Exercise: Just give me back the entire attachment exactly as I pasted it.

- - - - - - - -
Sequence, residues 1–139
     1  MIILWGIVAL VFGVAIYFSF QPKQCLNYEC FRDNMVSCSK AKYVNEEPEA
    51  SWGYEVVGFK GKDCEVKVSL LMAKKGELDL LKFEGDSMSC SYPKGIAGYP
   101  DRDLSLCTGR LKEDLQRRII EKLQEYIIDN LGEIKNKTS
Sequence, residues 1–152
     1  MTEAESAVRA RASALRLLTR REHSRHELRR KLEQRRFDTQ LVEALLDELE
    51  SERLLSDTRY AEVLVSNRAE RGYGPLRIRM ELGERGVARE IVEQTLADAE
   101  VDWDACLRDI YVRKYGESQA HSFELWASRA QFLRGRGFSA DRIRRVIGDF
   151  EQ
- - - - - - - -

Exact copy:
Sequence, residues 1–139
     1  MIILWGIVAL VFGVAIYFSF QPKQCLNYEC FRDNMVSCSK AKYVNEEPEA
    51  SWGYEVVGFK GKDCEVKVSL LMAKKGELDL LKFEGDSMSC SYPKGIAGYP
   101  DRDLSLCTGR LKEDLQRRII EKLQEYIIDN LGEIKNKTS
Sequence, residues 1–152
     1  MTEAESAVRA RASALRLLTR REHSRHELRR KLEQRRFDTQ LVEALLDELE
    51  SERLLSDTRY AEVLVSNRAE RGYGPLRIRM ELGERGVARE IVEQTLADAE
   101  VDWDACLRDI YVRKYGESQA HSFELWASRA QFLRGRGFSA DRIRRVIGDF
   151  EQ